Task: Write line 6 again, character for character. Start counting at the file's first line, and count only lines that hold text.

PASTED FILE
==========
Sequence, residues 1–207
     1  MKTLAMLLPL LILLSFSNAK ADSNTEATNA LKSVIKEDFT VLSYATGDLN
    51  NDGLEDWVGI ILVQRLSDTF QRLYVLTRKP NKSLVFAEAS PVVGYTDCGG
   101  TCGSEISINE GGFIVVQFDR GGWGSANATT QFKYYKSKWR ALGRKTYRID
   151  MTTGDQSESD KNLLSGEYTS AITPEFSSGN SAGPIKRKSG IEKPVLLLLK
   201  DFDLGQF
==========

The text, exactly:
   201  DFDLGQF